Adrian Bamford

La Symphonie Primordiale
for symphony orchestra

duration: 16 minutes

La Symphonie Primordiale (1999) is a single movement work for orchestra lasting some sixteen minutes. The title is something of a play on words, 'symphonie' taking up Stravinsky's 'sounding together of instruments' in his Symphonies of Wind, but here relating to a series of primordial (prime) numbers: the sounding together of prime numbers.

The prime number series (numbers that only divide by themselves and one) is quite fascinating being infinite in length, just like the number pi, and is one of the building blocks of mathematics. Counting up from one, you never actually know whether a number will be prime or not, other than it being an odd number and, beyond the number five, one not containing five. For the composer, such unpredictablity is very appealing, offering an array of properties for exploitation of which unpredictable expansion and contraction were particularly attractive. Just after the start of the piece, the percussion instruments enter at ever expanding, yet unpredictable, distances, whilst later in the piece chord durations expand and contract, again in an unpredictable pattern. On a human level such unpredictability is present in all our lives: a chain of events can suddenly be blown of course by the unpredictable.

In searching for a relationship between prime numbers and musical notes I stumbled upon a curious property. Choosing a very low note on the piano, B, and moving up the keyboard in semitones (B-C = 1, B-C# = 2, etc) I noticed that the note which landed on a prime number (except for the initial crunch of semitones at the beginning) was always a C, E, Gb or Bb. Taken together, these four notes constitute a whole-tone derivative, symmetrical in nature: the chord of the French Sixth. In La Symphonie they and can be heard as a motive or chord (sometimes prominently, sometimes in the background) on the vibraphone, celesta and harp, acting as a kind of ostinato. The low B functions as a drone, maintained throughout by two contrabasses. The ostinato defines the form of the piece, repeated note patterns reprising material in a hybrid rondo fashion.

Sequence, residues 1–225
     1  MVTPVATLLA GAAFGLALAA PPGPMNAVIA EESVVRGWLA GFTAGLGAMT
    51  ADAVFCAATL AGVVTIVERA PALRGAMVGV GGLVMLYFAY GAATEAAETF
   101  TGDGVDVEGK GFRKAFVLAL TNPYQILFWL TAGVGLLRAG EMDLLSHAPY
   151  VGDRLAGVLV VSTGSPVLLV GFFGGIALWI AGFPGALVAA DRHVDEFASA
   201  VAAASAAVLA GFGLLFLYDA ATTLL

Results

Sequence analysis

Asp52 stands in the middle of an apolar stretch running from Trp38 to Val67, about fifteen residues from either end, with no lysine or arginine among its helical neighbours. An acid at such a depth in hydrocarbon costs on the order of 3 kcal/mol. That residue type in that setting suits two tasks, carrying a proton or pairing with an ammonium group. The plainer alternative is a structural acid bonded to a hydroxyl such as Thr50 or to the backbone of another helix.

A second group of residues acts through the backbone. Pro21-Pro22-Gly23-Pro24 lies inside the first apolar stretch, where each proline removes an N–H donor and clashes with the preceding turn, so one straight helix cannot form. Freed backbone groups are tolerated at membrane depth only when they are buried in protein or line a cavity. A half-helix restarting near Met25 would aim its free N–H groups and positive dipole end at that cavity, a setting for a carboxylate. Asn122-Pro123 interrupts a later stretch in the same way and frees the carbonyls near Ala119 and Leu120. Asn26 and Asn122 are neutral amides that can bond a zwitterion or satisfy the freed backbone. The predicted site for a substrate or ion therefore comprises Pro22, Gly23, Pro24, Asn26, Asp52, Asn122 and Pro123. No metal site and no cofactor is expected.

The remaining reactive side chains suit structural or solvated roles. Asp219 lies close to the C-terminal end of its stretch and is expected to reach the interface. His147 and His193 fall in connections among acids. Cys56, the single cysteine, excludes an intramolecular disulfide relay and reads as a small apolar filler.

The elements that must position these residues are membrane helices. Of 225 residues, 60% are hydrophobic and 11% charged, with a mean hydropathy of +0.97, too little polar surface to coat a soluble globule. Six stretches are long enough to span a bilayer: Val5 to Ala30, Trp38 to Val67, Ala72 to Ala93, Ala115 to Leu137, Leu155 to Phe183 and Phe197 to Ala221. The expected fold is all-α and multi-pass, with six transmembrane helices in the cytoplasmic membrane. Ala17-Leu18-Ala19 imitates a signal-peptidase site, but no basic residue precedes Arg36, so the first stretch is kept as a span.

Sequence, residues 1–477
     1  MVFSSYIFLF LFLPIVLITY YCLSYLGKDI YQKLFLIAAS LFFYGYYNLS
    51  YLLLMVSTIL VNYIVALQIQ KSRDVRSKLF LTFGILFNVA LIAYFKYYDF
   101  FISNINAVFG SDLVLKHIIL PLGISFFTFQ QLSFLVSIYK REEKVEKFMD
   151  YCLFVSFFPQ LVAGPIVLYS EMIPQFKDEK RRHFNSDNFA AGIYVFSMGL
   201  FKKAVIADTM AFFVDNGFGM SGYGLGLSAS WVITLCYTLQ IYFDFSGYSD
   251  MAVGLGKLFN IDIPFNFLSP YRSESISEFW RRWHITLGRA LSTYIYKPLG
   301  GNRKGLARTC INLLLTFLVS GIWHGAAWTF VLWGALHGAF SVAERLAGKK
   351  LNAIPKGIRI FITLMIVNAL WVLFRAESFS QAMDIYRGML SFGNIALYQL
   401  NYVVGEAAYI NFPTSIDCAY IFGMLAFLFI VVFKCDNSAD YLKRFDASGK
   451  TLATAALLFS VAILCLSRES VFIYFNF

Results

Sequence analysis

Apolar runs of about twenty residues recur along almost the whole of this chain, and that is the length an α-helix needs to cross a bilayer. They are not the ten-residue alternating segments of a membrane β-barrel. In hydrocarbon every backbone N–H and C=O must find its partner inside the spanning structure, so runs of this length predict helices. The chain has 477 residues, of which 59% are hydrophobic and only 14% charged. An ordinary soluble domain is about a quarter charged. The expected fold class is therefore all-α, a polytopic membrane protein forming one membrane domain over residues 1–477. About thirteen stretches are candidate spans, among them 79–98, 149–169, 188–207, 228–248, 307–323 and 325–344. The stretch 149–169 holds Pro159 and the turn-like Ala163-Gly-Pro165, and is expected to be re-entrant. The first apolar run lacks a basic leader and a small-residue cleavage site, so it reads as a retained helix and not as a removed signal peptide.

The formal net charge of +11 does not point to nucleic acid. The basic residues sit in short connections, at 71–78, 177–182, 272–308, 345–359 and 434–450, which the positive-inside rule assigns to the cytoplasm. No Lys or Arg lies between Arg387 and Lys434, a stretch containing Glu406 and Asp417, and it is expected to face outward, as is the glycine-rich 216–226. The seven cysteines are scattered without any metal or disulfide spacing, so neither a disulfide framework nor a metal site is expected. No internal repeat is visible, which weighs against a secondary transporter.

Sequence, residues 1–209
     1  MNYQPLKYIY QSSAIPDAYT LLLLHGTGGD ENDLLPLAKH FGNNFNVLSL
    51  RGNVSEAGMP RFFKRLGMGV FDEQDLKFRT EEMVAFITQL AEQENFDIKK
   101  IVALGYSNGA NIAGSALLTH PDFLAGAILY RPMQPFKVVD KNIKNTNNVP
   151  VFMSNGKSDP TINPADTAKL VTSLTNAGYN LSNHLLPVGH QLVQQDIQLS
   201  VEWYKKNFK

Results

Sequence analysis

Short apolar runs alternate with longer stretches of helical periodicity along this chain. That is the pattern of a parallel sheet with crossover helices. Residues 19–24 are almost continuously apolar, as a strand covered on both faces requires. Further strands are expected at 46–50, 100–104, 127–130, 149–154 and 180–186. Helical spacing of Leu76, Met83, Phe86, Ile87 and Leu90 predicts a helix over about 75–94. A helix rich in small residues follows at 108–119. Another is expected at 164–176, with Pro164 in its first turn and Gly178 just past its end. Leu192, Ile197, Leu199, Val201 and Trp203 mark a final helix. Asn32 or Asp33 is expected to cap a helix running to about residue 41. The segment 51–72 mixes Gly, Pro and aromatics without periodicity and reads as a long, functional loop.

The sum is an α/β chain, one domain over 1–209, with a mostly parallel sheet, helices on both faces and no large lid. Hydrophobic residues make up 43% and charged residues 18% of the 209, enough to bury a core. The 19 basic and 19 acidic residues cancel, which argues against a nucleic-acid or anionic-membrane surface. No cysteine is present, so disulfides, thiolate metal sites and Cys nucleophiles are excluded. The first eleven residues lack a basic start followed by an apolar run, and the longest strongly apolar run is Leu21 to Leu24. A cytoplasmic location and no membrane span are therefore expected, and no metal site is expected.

The French Sixth chord is illusive yet plays an important role in the musics of Wagner, Skryabin, Debussy, Stravinsky and Messiaen, providing a pivot between tonality and chromaticism. These aspects are fundamental to La Symphonie Primordiale, with its mix of consonant and chromatic chord and scale types. Haunting percussion effects add a shimmering quality, the strings have a recurrent modal-like sequence, the whole being punctuated by touches of pyrotechnics. Consequently the piece is both nostalgic and forward-looking, sometimes clear yet fragile, elsewhere confused and violent, but always unpredictable.

Adrian Bamford (born 1966) read music at Reading University, analysis at King's College, London and composition at Birmingham University where he studied with Vic Hoyland and Jonty Harrison. He has taught at the Universities of Birmingham and Derby and currently teaches composition at Reading University.

Adrian's compositions have been performed internationally and broadcast by the BBC and Bulgarian National Radio. Significant performances include Sei Poesie di Giuseppe Ungaretti (soprano & string quartet) in the BBC's first Manchester Composers Platform (1995); Shifts by the Emperor String Quartet in Maastricht, Holland (1995) and the Cheltenham Festival (1995) - both SPNM promotions; and Five Songs for an Open Mind (soprano & chamber ensemble) by Deborah Jacob and Psappha in the BBC’s second Manchester Composers Platform (1997). Adrian's trio Guernica (cl, vc, pf), inspired by Picasso's mural, is his most popular work to date with recent performances in Canada, Bulgaria, Italy and Britain. Guernica is available on CD performed by Interensemble and is published by Edizioni Musicali TauKay.

Forthcoming performances include the premiere of In Giro (cl, vln, perc, pf) by Onix in Mexico City, and a quintet commissioned by Cluster in Kiev, Ukraine.

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